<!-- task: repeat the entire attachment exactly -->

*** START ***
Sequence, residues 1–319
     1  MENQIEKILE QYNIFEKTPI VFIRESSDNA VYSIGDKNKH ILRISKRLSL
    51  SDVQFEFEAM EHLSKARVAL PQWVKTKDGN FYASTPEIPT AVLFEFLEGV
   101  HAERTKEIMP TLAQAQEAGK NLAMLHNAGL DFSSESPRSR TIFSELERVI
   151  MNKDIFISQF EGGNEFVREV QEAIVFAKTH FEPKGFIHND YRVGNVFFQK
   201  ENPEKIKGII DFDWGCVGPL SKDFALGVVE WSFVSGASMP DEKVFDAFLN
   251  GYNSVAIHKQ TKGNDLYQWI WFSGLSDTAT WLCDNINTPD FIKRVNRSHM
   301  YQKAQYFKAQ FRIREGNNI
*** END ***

Sequence, residues 1–319
     1  MENQIEKILE QYNIFEKTPI VFIRESSDNA VYSIGDKNKH ILRISKRLSL
    51  SDVQFEFEAM EHLSKARVAL PQWVKTKDGN FYASTPEIPT AVLFEFLEGV
   101  HAERTKEIMP TLAQAQEAGK NLAMLHNAGL DFSSESPRSR TIFSELERVI
   151  MNKDIFISQF EGGNEFVREV QEAIVFAKTH FEPKGFIHND YRVGNVFFQK
   201  ENPEKIKGII DFDWGCVGPL SKDFALGVVE WSFVSGASMP DEKVFDAFLN
   251  GYNSVAIHKQ TKGNDLYQWI WFSGLSDTAT WLCDNINTPD FIKRVNRSHM
   301  YQKAQYFKAQ FRIREGNNI